“Requiem” by Slavko Zupcic

*Short Story Monday (belatedly, today) is a weekly feature run by The Book Mine Set*

(Today’s short fiction is from the Words without Borders September 2011 issue:  Homage)

The introduction to the Homage issue begins with:

“Amateurs borrow, professionals steal, and this month we’re accessories after the fact, presenting a collection of pieces based on, alluding to, and just plain pinched from the work of others.  Our contributors target writers from a variety of countries and eras to mimic and riff on, and subvert plots, characters, and the authors themselves.”

Felipe, the narrator of Requiem, one of the short stories in Homage, declares:

“I was the one who killed Borges.”

He’d gone to a bookstore owned by a family friend, bought a book of poems by the Catalan writer, Pere Gimferrer and, on a whim, stolen a two-volume collection of Jorge Luis Borges’ Complete Poetry. He need not have pilfered the book for he comes from a well-to-do family and his father keeps an account at the store.  He spends the night reading the collection.  The next morning the radio announces the death of the Argentine author.

Felipe is convinced that his reading of the collection led to the death of Borges.  He decides to test the theory and spends the next night reading Gimferrer.  However, the  announcement of the poet’s demise never comes.  Tracing his actions, he arrives at the conclusion that  “the lethal weapon must not simply be my reading . . . perhaps it could be my reading a book which I had stolen”.  To test this new hypothesis, he steals a book of poetry by Benjamin Castro, a local poet who is also a dentist.  He reads the book and viola, the radio brings news of the poet’s death.  Between the accidental death of Borges and the intentional murder of Castro, our young narrator has become a killer.  As is the case with some serial killers, he decides to wait for a while before killing again. He congratulates himself when, over an eight-year period, he refrains from killing colleagues and professors who insulted him.

“What happened, then? If I was so well-controlled, for what obscure reason am I writing these lines now, confessing such old transgressions, and preparing to list some even more recent. Simply because I could not avoid recidivism. Primarily it was because, after such a long time without exercising my power, I came to believe the whole thing was a fabrication, one of those memories that blurs into fiction, a scene from a poorly directed movie, the fragment of a story—the mental reenactment of one of Maigret’s adventures.”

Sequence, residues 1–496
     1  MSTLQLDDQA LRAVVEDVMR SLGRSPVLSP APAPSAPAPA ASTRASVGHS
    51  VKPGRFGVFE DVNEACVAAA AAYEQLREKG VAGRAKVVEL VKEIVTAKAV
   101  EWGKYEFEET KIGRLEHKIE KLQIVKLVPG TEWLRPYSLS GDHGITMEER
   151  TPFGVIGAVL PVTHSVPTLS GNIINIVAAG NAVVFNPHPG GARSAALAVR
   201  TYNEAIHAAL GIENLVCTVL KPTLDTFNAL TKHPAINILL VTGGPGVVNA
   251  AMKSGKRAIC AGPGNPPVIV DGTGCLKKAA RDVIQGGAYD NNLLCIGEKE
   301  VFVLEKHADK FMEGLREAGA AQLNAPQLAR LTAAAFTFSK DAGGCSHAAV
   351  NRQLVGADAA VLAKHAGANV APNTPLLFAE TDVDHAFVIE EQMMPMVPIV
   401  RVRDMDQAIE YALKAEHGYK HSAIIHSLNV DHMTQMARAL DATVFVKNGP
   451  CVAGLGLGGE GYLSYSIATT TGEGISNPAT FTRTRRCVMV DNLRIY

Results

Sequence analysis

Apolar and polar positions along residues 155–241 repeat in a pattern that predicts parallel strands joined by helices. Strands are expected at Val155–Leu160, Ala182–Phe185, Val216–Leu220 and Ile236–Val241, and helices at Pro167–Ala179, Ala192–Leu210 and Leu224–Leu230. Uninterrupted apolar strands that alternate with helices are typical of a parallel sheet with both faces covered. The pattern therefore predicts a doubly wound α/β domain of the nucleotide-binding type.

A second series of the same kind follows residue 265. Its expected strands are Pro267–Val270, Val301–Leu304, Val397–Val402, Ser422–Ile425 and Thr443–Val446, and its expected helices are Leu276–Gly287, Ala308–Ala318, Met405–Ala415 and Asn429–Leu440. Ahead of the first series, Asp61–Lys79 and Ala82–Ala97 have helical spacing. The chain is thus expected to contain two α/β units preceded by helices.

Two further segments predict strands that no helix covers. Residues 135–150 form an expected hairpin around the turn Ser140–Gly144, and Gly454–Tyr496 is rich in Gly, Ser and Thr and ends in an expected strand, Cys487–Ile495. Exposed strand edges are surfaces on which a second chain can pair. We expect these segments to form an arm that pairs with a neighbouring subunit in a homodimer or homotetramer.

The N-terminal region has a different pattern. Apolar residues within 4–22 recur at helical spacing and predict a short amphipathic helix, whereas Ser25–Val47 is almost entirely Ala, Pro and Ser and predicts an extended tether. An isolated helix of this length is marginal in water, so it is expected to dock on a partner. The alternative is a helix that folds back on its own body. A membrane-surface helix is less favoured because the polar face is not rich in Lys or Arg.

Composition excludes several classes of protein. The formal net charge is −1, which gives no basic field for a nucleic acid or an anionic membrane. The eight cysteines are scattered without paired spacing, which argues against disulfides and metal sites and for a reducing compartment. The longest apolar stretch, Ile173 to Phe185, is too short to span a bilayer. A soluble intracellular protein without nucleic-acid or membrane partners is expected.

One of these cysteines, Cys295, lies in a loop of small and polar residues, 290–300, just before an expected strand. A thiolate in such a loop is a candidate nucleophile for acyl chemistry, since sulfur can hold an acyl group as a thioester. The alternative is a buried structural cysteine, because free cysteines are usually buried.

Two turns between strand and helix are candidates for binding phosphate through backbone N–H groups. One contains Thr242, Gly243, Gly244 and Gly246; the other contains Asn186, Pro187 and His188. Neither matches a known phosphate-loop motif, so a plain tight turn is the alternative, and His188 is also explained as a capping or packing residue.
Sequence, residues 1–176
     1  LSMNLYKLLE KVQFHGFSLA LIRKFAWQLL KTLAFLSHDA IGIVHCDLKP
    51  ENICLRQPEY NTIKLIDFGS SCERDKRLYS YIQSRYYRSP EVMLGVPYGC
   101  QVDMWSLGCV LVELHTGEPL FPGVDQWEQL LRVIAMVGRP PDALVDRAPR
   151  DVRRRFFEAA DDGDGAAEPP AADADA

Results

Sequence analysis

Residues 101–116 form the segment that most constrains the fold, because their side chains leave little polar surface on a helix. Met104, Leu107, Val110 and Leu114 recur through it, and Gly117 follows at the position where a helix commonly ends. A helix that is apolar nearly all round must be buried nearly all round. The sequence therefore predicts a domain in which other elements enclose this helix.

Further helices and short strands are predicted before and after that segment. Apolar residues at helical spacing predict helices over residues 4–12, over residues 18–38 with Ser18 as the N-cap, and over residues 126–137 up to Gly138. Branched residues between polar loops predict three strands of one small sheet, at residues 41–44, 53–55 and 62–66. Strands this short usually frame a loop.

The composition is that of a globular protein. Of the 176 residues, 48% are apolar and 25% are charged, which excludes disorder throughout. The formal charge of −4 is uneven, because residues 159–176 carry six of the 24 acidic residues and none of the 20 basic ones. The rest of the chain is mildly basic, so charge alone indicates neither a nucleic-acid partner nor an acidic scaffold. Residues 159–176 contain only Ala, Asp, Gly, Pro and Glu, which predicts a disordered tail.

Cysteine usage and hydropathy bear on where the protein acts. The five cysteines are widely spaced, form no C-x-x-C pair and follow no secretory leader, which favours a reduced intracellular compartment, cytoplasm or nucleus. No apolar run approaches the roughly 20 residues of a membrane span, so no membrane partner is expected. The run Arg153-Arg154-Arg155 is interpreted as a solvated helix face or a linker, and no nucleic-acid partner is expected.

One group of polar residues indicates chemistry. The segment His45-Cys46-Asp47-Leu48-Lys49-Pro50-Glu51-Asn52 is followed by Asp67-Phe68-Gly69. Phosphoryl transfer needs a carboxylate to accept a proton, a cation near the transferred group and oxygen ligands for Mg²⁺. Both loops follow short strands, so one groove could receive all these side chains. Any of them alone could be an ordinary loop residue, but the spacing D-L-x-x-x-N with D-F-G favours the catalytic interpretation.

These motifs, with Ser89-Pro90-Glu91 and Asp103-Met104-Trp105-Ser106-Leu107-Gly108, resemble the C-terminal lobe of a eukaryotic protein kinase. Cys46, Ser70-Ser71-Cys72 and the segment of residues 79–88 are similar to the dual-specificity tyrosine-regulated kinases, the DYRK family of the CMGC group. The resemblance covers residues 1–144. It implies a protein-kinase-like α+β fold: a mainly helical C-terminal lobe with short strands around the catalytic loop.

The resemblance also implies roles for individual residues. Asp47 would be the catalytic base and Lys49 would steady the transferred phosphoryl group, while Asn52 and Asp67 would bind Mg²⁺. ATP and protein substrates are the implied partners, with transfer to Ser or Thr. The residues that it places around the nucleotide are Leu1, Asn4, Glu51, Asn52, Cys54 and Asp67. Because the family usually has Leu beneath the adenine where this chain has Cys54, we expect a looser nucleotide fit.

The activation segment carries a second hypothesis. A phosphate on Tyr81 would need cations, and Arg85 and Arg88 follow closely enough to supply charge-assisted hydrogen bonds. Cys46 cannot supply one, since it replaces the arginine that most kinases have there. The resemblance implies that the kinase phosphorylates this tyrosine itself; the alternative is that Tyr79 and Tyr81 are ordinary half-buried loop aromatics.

Then he embarks on a spree, doing away with, among others,  Bioy Casares, José Ángel Valente, Arturo Úslar Pietri and Camilo José Cela.  To benefit from his crimes, he publishes an essay on the author just before murdering him.  The head of his department, noting the repeated coincidentally pairing of publication and death of author calls him a “jinx”.   But then Felipe publishes his own book, a collection of critical essays.  The rest is how the story, Requiem, ends…

I often think, quite presumptuously,  that I can tell when a writer is having fun and enjoying their craft.  Certainly, I hope that Zupcic enjoyed writing this story as much I delighted in its reading.  The premise is quite absurd.  But when a fantastic tale is well-told, we suspend our disbelief. This story is, after all, the chronicle of a serial killer.  But the context is so delightfully wicked, especially for us bookish types. I wanted it to go on so I could learn of more Spanish-language writers.  Or, I thought,  he could have started his spree before June 14, 1986, which is date of Borges’ death. Finally, what are we to think of 70s born Slakvo Zupcic who kills off the writers of his literary tradition? Requiem is a short story that abounds in giving and is highly recommended.

The translation by Jeremy Osner is really, really good.

Please do read Words without Borders.  The folks there are working hard at promoting translated fiction.

From Words without Borders:

Slavko Zupcic, a psychiatrist, occupational physician, and writer, was born in Valencia, Venezuela, in 1970. He has published three collections of stories—Dragi Sol (Dragi Sun), 1989; Vinko Spolovtiva, ¿quién te mató? (Vinko Spolovtiva, Who Killed You?), 1990; and 583104: Pizzas Pizzas Pizzas, 1995—the novel for children Giuliana Labolita: el caso de Pepe Toledo (Giuliana Labolita: The Case of Pepe Toledo), 2006; and Tres novelas (Three Novels), 2006. He lives in Valencia, Spain. “Réquiem” belongs to the as-yet unpublished collection Médicos taxistas.



  1. Sounds like a fascinating read. I like the line that reads, “I was the one who killed Borges.” That says alot in one sentence. I also enjoy reading short stories, makes me feel like I’m reading faster through my TBR list.


  2. Wow, what a premise! Borges is one of my favourite writers so killing him certainly got my attention. I love it when a writer manages to take a whacky idea like this and really make it seem true.


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